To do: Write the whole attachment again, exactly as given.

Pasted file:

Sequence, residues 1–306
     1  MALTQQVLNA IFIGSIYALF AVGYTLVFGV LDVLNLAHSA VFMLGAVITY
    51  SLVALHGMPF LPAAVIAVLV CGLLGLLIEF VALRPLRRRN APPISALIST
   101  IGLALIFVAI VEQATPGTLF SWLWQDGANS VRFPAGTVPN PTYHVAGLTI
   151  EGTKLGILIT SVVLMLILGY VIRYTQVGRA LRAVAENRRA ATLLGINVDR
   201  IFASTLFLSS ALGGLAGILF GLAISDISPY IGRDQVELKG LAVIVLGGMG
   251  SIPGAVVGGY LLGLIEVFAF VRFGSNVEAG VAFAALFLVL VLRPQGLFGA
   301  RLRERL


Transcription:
Sequence, residues 1–306
     1  MALTQQVLNA IFIGSIYALF AVGYTLVFGV LDVLNLAHSA VFMLGAVITY
    51  SLVALHGMPF LPAAVIAVLV CGLLGLLIEF VALRPLRRRN APPISALIST
   101  IGLALIFVAI VEQATPGTLF SWLWQDGANS VRFPAGTVPN PTYHVAGLTI
   151  EGTKLGILIT SVVLMLILGY VIRYTQVGRA LRAVAENRRA ATLLGINVDR
   201  IFASTLFLSS ALGGLAGILF GLAISDISPY IGRDQVELKG LAVIVLGGMG
   251  SIPGAVVGGY LLGLIEVFAF VRFGSNVEAG VAFAALFLVL VLRPQGLFGA
   301  RLRERL